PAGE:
Everything You Ever Needed To Know About Dip Powder Manicures
A gel manicure that lasts two weeks is impressive, but one that can hold up for a whole month? Pinch yourself because you’re not dreaming. Enter dip powder nails: a long-wear manicure that lasts up to four weeks without using a UV light to set the polish.
This manicure is perfect if you chip a nail every time you wash the dishes, or if you’re worried that regular gel manicures are ruining your nails. Even though dip powders are having a moment right now because the process is totally ‘grammable, the concept is nothing new. Dip powder manicures have been around for awhile, but they were formally dubbed “glue manicures” because of the adhesive that’s used to help the powder stick to the nail.
The first step of a dip powder manicure is prepping the nail. This includes cuticle care, cleansing, and dehydration. That this is all done dry because the powder best adheres to dehydrated nails. After the cuticles are pushed back and the nail plate is clear, a dehydrating product like 99-percent alcohol is used to wipe nails clean. Next comes the actual dipping.
With dip powder, the actual color of the manicure is the color of the finely-milled powder the nails are dipped into. Once a clear adhesive is applied to the nail, it’s dipped into a clear powder, which serves as the base, and followed by a colored powder that creates the pigment. A third dip into a sheer powder protects the pigment. In between each dip, the excess powder is brushed away from the nail and a coat of the clear adhesive is applied. The powder can alternatively be poured onto nails.
Once the dipping is done, the nails are buffed and filed down to a smooth finish, and a top coat is applied.
You’re probably thinking, “But is it healthier than gel manicures?”.
They are similar in that both provide an extra layer of protection to natural nails. As mentioned dip nails don’t require UV/LED light and are typically a much quicker process to apply from start to finish.
Much like a gel manicure, dip powder nails can be removed at home or in the salon by soaking the nails in acetone for 10 minutes and wiping it off with a paper towel. However, the powder doesn’t always slide off easily. If soaking the nails in acetone for 10 minutes doesn’t work, the powder will need to be scrapped off often with an electric file.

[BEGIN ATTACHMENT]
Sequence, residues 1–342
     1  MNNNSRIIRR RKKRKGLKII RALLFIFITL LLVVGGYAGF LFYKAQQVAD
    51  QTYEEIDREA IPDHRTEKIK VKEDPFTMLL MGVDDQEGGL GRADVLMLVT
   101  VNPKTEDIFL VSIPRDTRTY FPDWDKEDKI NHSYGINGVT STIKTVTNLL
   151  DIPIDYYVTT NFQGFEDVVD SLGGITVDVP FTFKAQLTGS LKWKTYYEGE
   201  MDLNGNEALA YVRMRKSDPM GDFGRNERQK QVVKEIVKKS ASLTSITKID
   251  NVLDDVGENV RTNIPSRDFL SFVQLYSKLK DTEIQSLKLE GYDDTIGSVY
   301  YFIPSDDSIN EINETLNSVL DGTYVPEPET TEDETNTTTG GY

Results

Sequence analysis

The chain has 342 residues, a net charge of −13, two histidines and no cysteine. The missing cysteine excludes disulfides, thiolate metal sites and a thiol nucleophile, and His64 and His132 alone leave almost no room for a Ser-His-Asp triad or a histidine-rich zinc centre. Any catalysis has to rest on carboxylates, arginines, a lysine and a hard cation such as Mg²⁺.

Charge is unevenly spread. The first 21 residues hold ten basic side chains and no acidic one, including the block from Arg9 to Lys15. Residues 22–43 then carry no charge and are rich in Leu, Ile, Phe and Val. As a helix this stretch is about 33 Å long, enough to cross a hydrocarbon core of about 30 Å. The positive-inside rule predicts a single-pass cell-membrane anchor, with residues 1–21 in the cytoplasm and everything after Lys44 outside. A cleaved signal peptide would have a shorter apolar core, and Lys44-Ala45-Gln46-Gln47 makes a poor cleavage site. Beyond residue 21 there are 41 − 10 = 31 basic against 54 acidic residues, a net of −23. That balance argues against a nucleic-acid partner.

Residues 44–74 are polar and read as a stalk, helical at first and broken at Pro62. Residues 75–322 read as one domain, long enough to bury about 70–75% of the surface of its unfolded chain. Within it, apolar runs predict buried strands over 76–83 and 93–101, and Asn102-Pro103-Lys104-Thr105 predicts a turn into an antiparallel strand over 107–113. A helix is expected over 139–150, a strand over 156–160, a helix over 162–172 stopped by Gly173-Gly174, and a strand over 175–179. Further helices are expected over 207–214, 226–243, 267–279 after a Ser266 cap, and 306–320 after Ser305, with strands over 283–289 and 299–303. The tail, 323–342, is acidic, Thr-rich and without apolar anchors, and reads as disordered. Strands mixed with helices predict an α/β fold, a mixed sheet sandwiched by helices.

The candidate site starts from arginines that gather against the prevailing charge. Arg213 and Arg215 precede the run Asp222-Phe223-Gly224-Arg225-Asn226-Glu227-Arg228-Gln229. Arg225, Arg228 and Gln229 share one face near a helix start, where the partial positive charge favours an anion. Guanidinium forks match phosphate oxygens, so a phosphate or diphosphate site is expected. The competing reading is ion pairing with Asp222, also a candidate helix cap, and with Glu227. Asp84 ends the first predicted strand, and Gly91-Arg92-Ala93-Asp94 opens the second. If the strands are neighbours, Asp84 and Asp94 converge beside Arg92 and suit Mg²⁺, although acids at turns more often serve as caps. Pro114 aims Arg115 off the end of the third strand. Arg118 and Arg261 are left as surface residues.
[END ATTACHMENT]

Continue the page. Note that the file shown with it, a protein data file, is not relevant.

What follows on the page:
Regularly putting your nails through the aggressive removal process can damage the nail matrix, which manifests in lumps, bumps, and white patches on the nail plate. Cuticles can also get infected. The easiest way to avoid this is by giving your nails some breathing room once a month between dip powder manicures, just like you would with gels.
And when your nails are naked, treat them with a strengthening treatment or a nourishing oil.
Before you rush out to test dip manicures for yourself, we suggest you consider a few things:
You Probably Shouldn’t Try This At-Home.
We would never recommend doing either of these treatments as a DIY at home because for both treatments, can harm skin or the nail plate if not properly applied. This is the case even with professional grade products and products marketed for at-home use, so it’s just safer to go to a salon for both gel and dip treatments.
Color Shade And Thickness
Again there is no polish involved in this type of manicure and you are dealing with pigmented powder. The results on your nails may not be the exact shade that you saw in the powder jar because they change from their powder form when they are finished on the nail.
Something else to keep in mind is this type of manicure can end up being a bit thick and bulky on the nail, so make sure to see an experienced nail professional capable of shaping the nail into a more natural arched shape.
Unlike Regular Manicures, Dip Powder Treatments Can Last Up To A Month.
Dip manicures are supposed to last at least 3 weeks, but they may even last up to a month or more depending on the level of at-home care after the treatment is applied.
Your Natural Nail Can Become Fragile.
Not only that, but as with all nail enhancements, there is a risk of your nail plates becoming dehydrated and brittle. The removal process is crucial. That said, most issues with poor natural nail health are a result of nail enhancements, particularly dip nails, and stem from attempts at a DIY removal at home. It is always safest to go back to the nail salon and have a licensed professional remove any product for you, especially a Gel or Dip Nail Application.
Lastly, After-Care Is Extremely Helpful To Restoring Your Nail’s Health.
As mentioned above, regularly putting your nails through the aggressive removal process without proper care can impact the health of your nails. Furthermore, excess exposure to chemicals such as those found in household cleaners can lead to weakened enhancements or brittle natural nails. We always recommend wearing protective gloves to protect both the enhancement, your natural nails and the surrounding skin from weakening, which could lead to painful breakage. Restoring hydration after the treatment and during the wear time will help avoid most of the problems that can arise from the dip powder enhancements. Try to apply cuticle oils and high quality moisturizers a couple of times per week, or better yet once a day.